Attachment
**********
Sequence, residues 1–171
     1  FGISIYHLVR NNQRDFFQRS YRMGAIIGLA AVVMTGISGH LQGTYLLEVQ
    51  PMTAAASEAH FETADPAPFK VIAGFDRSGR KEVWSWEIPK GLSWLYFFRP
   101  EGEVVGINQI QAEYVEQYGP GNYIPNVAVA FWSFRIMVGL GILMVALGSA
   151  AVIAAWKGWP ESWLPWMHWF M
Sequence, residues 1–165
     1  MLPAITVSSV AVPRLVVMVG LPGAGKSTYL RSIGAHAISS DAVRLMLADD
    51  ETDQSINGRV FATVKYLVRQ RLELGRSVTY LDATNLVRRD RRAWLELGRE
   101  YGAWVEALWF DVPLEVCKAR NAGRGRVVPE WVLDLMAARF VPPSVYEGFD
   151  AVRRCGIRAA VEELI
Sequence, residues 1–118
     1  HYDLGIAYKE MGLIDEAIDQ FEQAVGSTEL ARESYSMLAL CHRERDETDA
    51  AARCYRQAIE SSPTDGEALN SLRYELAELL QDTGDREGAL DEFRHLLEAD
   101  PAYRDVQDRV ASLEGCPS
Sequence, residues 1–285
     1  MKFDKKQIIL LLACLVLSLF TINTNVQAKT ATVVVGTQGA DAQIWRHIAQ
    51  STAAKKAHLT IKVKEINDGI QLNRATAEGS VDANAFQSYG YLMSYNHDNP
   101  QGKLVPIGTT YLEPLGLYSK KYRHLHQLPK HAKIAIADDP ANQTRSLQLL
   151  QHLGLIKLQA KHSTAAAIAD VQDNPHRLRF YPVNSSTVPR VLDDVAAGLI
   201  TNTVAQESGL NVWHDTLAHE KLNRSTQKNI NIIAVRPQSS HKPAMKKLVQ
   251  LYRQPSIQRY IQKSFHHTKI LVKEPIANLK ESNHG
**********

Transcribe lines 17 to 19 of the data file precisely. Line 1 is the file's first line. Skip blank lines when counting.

    51  STAAKKAHLT IKVKEINDGI QLNRATAEGS VDANAFQSYG YLMSYNHDNP
   101  QGKLVPIGTT YLEPLGLYSK KYRHLHQLPK HAKIAIADDP ANQTRSLQLL
   151  QHLGLIKLQA KHSTAAAIAD VQDNPHRLRF YPVNSSTVPR VLDDVAAGLI